subbashini neetam, sophomore
ADVICE FOR SOPHOMORES Coming into sophomore year, I was excited to say the least. According to numerous upperclassmen, sophomore year is supposed to be the easiest year out of all 4 years. Let me begin by stating this: it’s not. As depressing as that sounds, sophomore year was equally as hard as freshman year for me. While the material in the classes may be easier to understand, the amount of work is substantially larger. Classes such as microbiology and pathophysiology have an enormous amount of material to study…in an extremely short amount of time. As in 6 chapters…roughly 150 pages of a textbook…for one exam. I’m not going to sugar coat is- sophomore year is going to be hard and according to juniors and seniors, it’s only going to get harder. Nursing school is
inherently tough. There is no easy way around it. But it can also be the most amazing experience of your life. Take advantage of sophomore year and get involved in as much as you can take on. Join your class council, take advantage of your student senate, and voice your opinions. Join a club, take breaks, and most importantly, learn rather than simply study. The occupation we as students represent is an empowering one. Remember that everything you learn in these classes will affect our future as nurses. Do not cram for all of your examsit could affect someone’s life in the future. Remember that everything you do has an effect- do not make careless decisions as it will most certainly affect you either now or in the near future. Surround yourself with
other nursing students- you’ll need it. When you spend a majority of your nights in the library studying 16 chapters of pathophysiology while your other friends are out partying, you’ll need other nursing students to rant to about how you hate pathophysiology. Most of all, enjoy what you are doing and have fun while doing it. You will are in a field of work in which you directly can impact a person's life. Be confident in your decisions, learn from other upperclassman, and love what you learn. Don't spend every single day in the library- make sure you have a good balance. Enjoy your sophomore year and good luck!
katrina junior alana lai,enriquez, sophomore MAKE SURE YOU DON’T HAVE ABE GOOD SUPPORT SYSTEM AS A FRESHMAN, AFRAID TO REACH OUT FOR BECAUSE THINGS ARE ONLY TO GOING TO GET HELP! IT’S ALSO IMPORTANT BREAK OUT HARDER OF YOUR FROM HERE. IT DOESN’T MATTER WHO MAKES COMFORT ZONE, MEET NEW PEOPLE, AND BUILD ITSUPPORT UP, JUST MAKE SURE HAVE ONE. A SYSTEM OF YOU FRIENDS. PEER MENTORS are upperclassmen that are assigned to newly inducted freshmen mentees; they assist freshmen with the transition from the high school setting into the college mindset.
richie tran, junior
ADVICE FOR FRESHMEN Hello, future nurses. My name is Richie Tran and this coming fall of 2015, I will be a junior in the nursing program. I would like to say congratulations to all of you on your acceptance into Rutgers University School of Nursing. As an uprising junior, I would like to offer a piece of advice that can help you adapt and transition into college more smoothly. If there is one major thing that I learned from being at Rutgers, it is to never give up when the time gets rough. In the next four-years of your lives, you will most likely experience many challenges and setbacks that will cause a lot of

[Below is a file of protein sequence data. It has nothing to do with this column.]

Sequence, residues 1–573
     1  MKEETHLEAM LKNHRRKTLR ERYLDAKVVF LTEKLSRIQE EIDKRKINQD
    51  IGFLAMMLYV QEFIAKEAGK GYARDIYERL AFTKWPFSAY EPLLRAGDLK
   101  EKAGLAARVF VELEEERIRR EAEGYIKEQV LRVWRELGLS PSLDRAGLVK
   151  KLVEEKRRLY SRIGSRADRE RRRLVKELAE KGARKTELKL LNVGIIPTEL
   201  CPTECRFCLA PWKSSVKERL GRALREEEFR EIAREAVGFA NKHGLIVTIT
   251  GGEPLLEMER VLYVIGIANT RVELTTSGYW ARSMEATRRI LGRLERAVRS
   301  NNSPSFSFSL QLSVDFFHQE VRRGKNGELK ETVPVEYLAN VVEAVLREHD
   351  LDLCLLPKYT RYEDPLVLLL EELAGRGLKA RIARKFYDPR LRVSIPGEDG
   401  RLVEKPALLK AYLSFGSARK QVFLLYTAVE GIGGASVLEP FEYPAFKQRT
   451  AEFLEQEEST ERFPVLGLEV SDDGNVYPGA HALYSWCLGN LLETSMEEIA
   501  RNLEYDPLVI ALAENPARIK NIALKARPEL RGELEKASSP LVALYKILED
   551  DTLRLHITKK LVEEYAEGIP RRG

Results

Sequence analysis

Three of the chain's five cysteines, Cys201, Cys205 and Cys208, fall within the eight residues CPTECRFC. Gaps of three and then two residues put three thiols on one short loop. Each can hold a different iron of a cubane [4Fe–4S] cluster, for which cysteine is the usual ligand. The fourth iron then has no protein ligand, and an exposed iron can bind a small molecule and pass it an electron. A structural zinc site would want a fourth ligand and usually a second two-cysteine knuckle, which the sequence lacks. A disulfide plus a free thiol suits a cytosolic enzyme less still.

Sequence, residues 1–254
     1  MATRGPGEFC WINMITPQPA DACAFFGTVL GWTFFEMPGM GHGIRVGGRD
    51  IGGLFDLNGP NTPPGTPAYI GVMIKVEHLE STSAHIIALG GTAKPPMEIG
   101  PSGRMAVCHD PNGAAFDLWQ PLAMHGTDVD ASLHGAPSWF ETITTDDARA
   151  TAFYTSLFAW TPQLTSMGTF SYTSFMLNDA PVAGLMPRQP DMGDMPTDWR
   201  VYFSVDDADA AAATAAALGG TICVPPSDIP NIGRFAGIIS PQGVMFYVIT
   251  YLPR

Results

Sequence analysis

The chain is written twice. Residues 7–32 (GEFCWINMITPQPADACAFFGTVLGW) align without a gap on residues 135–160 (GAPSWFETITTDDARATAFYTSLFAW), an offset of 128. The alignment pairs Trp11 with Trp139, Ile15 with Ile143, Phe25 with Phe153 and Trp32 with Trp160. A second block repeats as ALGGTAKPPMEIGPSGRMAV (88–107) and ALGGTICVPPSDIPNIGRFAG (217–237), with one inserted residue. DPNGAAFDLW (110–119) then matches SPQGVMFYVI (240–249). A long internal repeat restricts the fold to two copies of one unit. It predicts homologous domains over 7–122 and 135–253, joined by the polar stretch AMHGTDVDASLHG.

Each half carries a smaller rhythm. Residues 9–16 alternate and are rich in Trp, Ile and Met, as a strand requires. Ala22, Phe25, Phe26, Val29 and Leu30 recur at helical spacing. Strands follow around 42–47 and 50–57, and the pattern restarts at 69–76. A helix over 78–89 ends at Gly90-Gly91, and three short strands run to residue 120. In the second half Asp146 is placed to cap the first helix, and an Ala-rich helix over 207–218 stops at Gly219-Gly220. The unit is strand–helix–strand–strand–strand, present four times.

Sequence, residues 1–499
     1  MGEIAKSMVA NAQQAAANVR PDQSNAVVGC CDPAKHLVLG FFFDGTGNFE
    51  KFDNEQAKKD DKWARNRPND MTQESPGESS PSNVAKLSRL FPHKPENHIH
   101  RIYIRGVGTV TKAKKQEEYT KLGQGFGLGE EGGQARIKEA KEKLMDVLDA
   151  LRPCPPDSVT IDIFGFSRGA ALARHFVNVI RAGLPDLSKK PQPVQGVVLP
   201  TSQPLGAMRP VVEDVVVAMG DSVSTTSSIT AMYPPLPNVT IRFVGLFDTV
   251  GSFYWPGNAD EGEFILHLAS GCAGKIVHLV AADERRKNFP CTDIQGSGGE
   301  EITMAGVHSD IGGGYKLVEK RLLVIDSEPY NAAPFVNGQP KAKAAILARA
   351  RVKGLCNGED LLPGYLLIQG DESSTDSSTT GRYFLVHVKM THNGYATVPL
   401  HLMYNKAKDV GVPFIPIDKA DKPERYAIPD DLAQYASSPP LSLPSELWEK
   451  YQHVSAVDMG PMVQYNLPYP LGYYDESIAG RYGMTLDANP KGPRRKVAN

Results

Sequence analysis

emotional distress. I am here to tell you that everything will be okay! Through personal experience of bombing an exam or missing due dates on paper assignments, it taught me what I needed to do in order to improve for the better. My failures helped shaped me to become the person I am today, which is a man who would never give up on his passion. So when you feel like giving up, remember these words. Always push yourself because no else is going to do it for you.
maria di diego, BS, RN
MOMS IN SCHOOL My name is Maria Di Diego and I am a nursing student, mom of 2 small children, wife and a nursing assistant. My biggest struggle was maintaining the balance among my different roles in life. Despite my struggles, I have managed to successfully finish nursing school with honors. I couldn’t have done it without the support of my amazing husband and my friends at school. Nursing school was as hard as everyone said it was going to be, but it was not impossible. First, I had to learn how I learned best. I made my monthly planner my best friend
throughout these past four years: making daily checklist kept me in check on what needed to get done. I tried to take advantage of the time at school to try to get as much school work done so that when I got home I could focus on my family and house duties like cooking, cleaning, laundry, kids’ homework, and their baths. Whatever it took, I made it work. I wanted and deserved this degree. I remember I couldn’t wait to walk on commencement in my graduating gown in front of my kids. I did it!
michelle bradford, BS, RN
KIDS WITH JOBS Whether you are a freshman or a senior, find some way to get your foot in the door! This means becoming employed by an institution that you could see yourself working in as a nurse in the future. Landing your first nursing job is all about connections. A nurse manager is more likely to hire his/her tech who knows the floor and has direct patient experience over someone outside of the hospital. Further, a nurse manager is more likely to hire his/her tech than his/her unit clerk, who does not have direct patient experience. Point blank: go out and apply. If you are a freshman, either volunteer so your face becomes known when you apply for a position within the facility, or apply! Usually, facilities want nursing students to complete at least one clinical rotation before hiring them on as a patient/clinical care technician. So before then, apply for a unit clerk position, patient transport, dietary aide, ...anything to get your foot in the door. Personally, I started out as a nurse extern at Robert Wood Johnson University Hospital Somerset, and was immediately hired on as a clinical care technician when the program was over. I have worked there for almost a year now, and I can speak from experience that being a tech prepares you to be a nurse in many ways more than clinical or nursing school lectures ever could. As a tech, you are responsible for your own tasks and actions, you are under time constraints, you get practice communicating with patients, you see the role of the nurse because you work with the nurses directly, and you learn in a hands-on practical setting. Lots of times if nurses know you are a nursing student,